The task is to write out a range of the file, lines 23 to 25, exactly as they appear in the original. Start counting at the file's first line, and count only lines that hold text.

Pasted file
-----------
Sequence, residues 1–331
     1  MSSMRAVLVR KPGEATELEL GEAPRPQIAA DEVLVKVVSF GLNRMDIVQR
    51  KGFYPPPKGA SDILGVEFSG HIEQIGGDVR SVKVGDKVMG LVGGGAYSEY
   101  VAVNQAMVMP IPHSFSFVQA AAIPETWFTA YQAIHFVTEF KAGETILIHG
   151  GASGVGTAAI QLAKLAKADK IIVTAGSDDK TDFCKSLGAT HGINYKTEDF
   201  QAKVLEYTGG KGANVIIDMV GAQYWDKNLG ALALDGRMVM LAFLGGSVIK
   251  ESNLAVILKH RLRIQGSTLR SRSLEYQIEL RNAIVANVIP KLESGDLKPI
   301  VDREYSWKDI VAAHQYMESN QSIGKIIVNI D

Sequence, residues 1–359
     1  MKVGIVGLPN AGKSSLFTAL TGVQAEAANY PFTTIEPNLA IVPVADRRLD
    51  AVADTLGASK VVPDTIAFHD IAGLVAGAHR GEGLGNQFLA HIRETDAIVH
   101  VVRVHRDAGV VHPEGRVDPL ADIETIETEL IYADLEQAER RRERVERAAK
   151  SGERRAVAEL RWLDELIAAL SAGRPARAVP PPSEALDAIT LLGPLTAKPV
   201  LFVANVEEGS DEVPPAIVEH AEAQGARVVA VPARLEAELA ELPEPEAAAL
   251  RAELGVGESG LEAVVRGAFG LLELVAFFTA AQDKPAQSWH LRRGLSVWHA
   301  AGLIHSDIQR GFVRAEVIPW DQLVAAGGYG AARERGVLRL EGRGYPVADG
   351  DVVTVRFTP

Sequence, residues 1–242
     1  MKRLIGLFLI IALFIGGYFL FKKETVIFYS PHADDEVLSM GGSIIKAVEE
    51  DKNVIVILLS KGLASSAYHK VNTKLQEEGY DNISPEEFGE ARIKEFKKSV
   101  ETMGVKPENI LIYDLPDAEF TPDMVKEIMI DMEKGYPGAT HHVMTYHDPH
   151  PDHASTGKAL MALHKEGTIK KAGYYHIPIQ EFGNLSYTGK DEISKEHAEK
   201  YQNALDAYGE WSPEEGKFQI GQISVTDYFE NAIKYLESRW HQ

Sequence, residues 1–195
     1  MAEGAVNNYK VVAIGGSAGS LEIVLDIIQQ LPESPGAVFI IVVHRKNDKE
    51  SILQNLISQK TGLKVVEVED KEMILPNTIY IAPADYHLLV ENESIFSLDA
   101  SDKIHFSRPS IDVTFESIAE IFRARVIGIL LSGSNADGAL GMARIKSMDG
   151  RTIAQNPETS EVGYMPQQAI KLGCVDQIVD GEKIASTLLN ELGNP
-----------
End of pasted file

   201  YQNALDAYGE WSPEEGKFQI GQISVTDYFE NAIKYLESRW HQ

Sequence, residues 1–195
     1  MAEGAVNNYK VVAIGGSAGS LEIVLDIIQQ LPESPGAVFI IVVHRKNDKE